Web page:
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Best Trump Ouroboros ever — and other phrasings of interest

[ by Charles Cameron — politics gets literary fast in this one ]

An amazingly candid gesture from Donald Trump‘s back-story:

In a 1997 interview with Howard Stern, he described escaping from his own wedding reception—his second, when he married Marla Maples—as quickly as possible to look at coverage of the wedding.

How “Fox & Friends” Rewrites Trump’s Reality


The only vaguely comparable gesture I can think of for its severity is the one in which an unstable genius by any account, the poet Rainer Maria Rilke, chose not to attend his own daughter Ruth‘s wedding because he weighed up “the realization of my inner life” against “the work required to achieve an external life” and decided not to attend lest he miss a poem inbound during the journey or ceremony — or was it Cézanne he praised, “for not losing an afternoon of painting even to attend his only daughter’s wedding”? Surely they can’t both have missed their daughters’ respective weddings!

Or can they, almost?

Here’s a poem by Richard Michelson from More Money than God:

Cézanne Forgets His Wife’s Funeral

The day Rilke missed his daughter’s wedding,
the lesser poets, pens capped, were making love
in the Bavarian countryside, or feeding the chickens
on their fathers’ farms. But Rilke is bent over, chiseling
each syllable, although the chiselers who run the world
pay by the pound. Here, in the cherry orchard of his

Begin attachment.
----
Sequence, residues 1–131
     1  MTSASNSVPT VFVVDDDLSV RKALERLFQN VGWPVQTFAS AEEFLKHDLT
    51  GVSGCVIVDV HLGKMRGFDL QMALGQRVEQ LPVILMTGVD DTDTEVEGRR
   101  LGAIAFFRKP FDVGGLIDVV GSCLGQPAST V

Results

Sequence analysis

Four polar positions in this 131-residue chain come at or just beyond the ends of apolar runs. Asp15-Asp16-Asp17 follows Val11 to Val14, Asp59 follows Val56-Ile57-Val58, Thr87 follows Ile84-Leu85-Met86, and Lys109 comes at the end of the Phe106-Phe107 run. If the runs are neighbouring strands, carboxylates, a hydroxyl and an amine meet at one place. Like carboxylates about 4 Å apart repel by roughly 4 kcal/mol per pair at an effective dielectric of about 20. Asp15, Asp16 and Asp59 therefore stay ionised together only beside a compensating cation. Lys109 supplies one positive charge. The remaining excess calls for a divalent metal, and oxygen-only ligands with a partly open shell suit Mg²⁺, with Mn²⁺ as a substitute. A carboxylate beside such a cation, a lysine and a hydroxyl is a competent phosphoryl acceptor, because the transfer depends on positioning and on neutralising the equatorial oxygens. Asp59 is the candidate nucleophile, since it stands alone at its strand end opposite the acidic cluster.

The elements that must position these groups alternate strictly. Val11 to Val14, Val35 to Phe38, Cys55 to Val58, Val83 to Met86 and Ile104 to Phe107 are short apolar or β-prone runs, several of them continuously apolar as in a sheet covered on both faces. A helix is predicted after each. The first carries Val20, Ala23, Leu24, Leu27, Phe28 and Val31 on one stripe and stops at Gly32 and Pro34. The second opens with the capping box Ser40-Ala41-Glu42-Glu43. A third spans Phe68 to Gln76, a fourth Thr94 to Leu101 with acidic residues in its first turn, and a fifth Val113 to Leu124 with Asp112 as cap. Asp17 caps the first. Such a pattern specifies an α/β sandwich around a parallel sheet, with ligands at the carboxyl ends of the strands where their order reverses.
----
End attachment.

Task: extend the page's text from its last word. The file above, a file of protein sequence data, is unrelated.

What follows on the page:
patron’s château, he pauses, listens for the nightingales
singing their Keatsian songs, masking the pitiful sound
of his grandmother’s dying. What’s your excuse?


But in truth I am late again, running lights
and thinking of Cézanne, who is smiling
as he folds up his easel. Hortense, come quickly,
, he calls out; only then, remembering.


Well, that little meander through Rilke and Cézanne was a little more romantically endearing than the Trump matter..

Other oddments I’ve run across recently — I’ll use the comments section here to collect others —

A Freedom Outpost ouroboros:

Evidently now writing about Facebook censorship is grounds for being censored on Facebook.

Not terribly democratic, if true..

A note from friend JM Berger:

.. and there was something about whether Steve Bannon was a scapegoat or a lightning rod — a fine distinction for ontologists to ponder.


Discuss, eh?

3 Responses to “Best Trump Ouroboros ever — and other phrasings of interest”

  1. Charles Cameron Says:

    It’s several months old, but this is a truly finely phrased ouroboros from Donald J:

  2. Charles Cameron Says:

    Noise-eating noise — a great ouroboros from Amanda Petrusich’s piece Lana Del Rey, Radiohead, and the Difficulty of Making Original Music in the New Yorker —

    White noise is generally defined by hazy and inharmonious hissing—it’s noise-eating noise, anti-noise, a way of drowning out other sounds. Per a BBC report, the claimants accusing Tomczak of infringement included companies who peddle white-noise recordings as sleep therapy. It turns out that his nondescript hissing mirrored their nondescript hissing. (Following the BBC’s report, all of the claims were dropped.)

    Great ouroboros, fascinating article.
    As a writer and game designer myself, I should no doubt be concerned about copyright — but am far too sympathetic to artistic borrowing even when it borders on infringement or plagiarism to do much about it. I steal mostly from Bach: go figure.

  3. Grurray Says:

    The old joke was if you steal from one person it’s plagiarism, and if you steal from many it’s research. If you steal from all other sounds with white noise, then you are back to plagiarism.

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